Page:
Dan S. said...

I don't disagree about what the intentions were at that time, though I have no personal recollection of that so my knowledge is based on hearsay.

On the other hand, I don't have a problem with charging ratepayers the full cost of operating and maintaining the water system. I do think it's wrong to force ratepayers to subsidize the city's general fund, as they're currently doing.

rudizink said...

Yes. The Soloman center, and other junction tenats are still making their below market rent payments, whilst Ogden City taxpayers still make up the bulk of Junction loan payments, to the tune of over a $half-million per year.

rudizink said...

"I do think it's wrong to force ratepayers to subsidize the city's general fund, as they're currently doing.'

With that I agree, Dan.

On the other hand I continue to disagree that " ratepayers [should pay} the full cost of operating and maintaining the water system," since that was never the intention when Mecham hammered to deal to turn Defense Depot Ogden over to the Ogden lumpencitizens.

Dan S. said...

Rudi, I haven't heard that any of the written terms of the original DDO/BDO agreement have been violated. So if it's true that the "original intention" isn't being honored, I would put at least half the fault on Bennett and Mecham for not drawing up a contract that put the intention in writing.


Now, I suppose you can still argue that we should follow that original intention, because that was the intention. But do you think the idea of having BDO subsidize the water department is actually a good one, on its own merits? If so, why?

James F. said...

Good
question on the city owned Junction and leases, what revenue does the
city have coming in from the Junction and offset by BDO revenue.

rudizink said...

I got the information from an interview with former Mayor Mecham years ago. Although Bennett and Mechham's intention wasn't formalized in the BDO transfer documents, he told me that applying BDO revenue to infrastructure would have been his primary application, if he hadn't withdrawn from politics due to his health.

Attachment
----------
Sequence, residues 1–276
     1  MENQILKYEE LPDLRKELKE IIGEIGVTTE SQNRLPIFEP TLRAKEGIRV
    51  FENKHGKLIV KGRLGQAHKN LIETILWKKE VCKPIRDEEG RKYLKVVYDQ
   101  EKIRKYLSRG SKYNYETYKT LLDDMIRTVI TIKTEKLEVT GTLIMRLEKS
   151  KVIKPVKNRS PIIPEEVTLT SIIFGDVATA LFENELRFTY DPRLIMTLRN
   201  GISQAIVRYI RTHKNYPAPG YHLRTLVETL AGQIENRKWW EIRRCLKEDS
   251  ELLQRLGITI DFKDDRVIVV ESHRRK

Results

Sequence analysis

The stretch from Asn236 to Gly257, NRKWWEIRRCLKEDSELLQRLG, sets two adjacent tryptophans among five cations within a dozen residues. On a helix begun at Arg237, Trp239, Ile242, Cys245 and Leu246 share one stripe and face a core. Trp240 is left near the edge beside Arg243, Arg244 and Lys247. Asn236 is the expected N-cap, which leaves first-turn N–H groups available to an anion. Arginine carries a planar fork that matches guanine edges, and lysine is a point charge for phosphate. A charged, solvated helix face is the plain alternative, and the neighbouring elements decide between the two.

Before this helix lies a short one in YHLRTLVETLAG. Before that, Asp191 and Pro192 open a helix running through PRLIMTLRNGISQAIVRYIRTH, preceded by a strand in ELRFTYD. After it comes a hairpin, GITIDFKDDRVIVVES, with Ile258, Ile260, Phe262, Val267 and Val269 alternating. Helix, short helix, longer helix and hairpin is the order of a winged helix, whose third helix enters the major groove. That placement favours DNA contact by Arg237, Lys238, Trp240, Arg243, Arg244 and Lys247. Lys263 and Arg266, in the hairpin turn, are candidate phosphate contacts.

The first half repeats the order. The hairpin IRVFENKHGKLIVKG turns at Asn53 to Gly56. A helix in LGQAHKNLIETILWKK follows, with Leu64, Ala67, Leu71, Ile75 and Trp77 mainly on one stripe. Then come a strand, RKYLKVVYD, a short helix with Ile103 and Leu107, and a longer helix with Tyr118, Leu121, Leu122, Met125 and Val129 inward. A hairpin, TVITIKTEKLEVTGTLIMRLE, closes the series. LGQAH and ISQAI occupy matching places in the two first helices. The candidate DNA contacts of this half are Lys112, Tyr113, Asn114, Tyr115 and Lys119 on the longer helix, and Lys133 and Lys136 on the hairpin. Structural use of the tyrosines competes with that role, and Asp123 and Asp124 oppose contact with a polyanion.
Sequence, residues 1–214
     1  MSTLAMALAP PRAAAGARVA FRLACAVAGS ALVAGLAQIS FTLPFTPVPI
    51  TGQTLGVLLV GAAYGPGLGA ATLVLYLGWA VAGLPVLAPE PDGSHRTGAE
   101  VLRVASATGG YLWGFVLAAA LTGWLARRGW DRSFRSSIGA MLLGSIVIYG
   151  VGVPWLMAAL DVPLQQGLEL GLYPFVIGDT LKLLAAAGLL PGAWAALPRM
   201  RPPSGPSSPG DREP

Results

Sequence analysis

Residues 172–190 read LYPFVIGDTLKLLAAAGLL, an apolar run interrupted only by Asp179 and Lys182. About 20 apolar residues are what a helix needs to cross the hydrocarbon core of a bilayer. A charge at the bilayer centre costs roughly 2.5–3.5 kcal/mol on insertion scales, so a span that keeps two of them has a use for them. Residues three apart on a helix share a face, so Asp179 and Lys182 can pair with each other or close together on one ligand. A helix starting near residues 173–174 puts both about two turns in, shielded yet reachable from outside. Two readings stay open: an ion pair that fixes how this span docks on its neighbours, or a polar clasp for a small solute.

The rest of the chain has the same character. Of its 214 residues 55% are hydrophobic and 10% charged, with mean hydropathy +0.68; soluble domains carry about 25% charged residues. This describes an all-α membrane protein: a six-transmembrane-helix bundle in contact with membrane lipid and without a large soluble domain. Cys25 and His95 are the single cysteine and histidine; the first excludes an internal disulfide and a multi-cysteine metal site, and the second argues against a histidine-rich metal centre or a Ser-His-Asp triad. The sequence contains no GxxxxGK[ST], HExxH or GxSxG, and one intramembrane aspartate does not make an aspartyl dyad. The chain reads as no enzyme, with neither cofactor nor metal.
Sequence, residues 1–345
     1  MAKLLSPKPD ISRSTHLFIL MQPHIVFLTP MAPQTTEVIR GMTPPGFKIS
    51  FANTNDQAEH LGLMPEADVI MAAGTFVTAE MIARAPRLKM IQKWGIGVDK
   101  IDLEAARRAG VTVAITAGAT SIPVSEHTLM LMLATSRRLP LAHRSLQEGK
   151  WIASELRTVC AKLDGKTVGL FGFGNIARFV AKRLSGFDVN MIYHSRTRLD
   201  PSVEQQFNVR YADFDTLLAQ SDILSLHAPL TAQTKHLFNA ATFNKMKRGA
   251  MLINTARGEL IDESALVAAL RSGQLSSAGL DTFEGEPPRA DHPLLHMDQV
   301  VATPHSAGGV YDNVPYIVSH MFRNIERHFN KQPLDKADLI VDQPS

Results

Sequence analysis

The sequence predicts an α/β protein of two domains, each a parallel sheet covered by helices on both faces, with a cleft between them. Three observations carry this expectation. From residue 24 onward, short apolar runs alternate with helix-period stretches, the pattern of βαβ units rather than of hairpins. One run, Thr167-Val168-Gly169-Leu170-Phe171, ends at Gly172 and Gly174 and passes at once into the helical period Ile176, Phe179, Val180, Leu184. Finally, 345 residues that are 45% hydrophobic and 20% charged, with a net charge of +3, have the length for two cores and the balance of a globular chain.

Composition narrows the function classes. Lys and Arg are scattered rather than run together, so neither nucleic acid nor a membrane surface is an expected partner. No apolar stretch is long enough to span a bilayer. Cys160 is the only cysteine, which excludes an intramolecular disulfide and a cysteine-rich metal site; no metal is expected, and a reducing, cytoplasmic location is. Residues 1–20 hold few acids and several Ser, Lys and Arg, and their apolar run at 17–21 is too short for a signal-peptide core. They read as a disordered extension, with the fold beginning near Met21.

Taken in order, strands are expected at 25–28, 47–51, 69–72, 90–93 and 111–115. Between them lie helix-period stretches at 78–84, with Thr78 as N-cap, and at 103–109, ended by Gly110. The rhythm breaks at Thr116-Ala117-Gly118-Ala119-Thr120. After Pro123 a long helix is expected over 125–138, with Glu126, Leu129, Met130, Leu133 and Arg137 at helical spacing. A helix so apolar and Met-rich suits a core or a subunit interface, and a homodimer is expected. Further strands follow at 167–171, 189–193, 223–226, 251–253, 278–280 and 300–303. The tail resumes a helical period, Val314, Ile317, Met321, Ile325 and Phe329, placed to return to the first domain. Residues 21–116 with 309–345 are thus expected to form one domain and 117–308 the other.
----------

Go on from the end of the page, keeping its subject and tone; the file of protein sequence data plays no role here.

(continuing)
Dan S. said...

I summarized The Junction's financial situation in a series of articles in 2009:

Junction 101

The Junction -- A Good Investment?

The Junction: What Next?

The graph in the second article is updated with an additional year of data here:

Ogden Administration Uses Tax Dollars to Deceive Citizens



I'd like to update that graph again, but I suspect the situation isn't so much different today. The main difference would probably be the addition of a new segment on the graph for the Hot Tub Hotel. The Junction still isn't bringing in enough tax revenue to cover the bond payments, so these are supplemented with lease revenue from BDO. And as far as I know, the Boyer properties at The Junction still aren't generating any lease revenue. There would also be some sales tax revenue from the movie theater and restaurants and retail shops, but those amounts are private, and the city probably isn't inclined even to disclose the total amount because it's probably still short of what was projected.

Nope said...

"There is no mention, in the proposed master plan revisions, of the
possibility of avoiding the need for new wells through water
conservation."

Nope. Of course not, as the City regards Ogden water fees as a "cash cow," designed to fatten city coffers.

Ron said...

I can't speak for anyone else, but my water bills kill me most months. I have a family of six and during the "non-lawn-watering-months", my water bill floats between $80 and $85.


We do not have access to secondary water, which forces me to use drinking water to keep my lawn green (per city code), so during the summer months, my water bill rises to the $150-$160 range, with relatively minimal watering (two times a week - 20-25 minutes per section).


I have no problem paying for the water I use, but I do have a problem with being forced to keep a lawn green during 100 degree heat as well as subsidizing the rest of the general fund.

Dan S. said...

Try converting some of your lawn to native shrubs and other drought-tolerant plants. I do have secondary water, but I've been measuring how much I use and the total for an entire season would cost me only an extra $15 if I took it out of the city water system. http://dvschroeder.blogspot.com/2013/06/meter-that-water.html

Ron said...

I'm with you there, Dan. Part of the issue is coming up with the $$$ to do that, which, to your point, may be cheaper than continuing to pay to keep my lawn semi-green in the summer.


Either way, I think the city is using the water system as a way to keep it's revenues on the plus side, rather than simply charging for use. Thanks for the suggestion, I'll definitely look into it.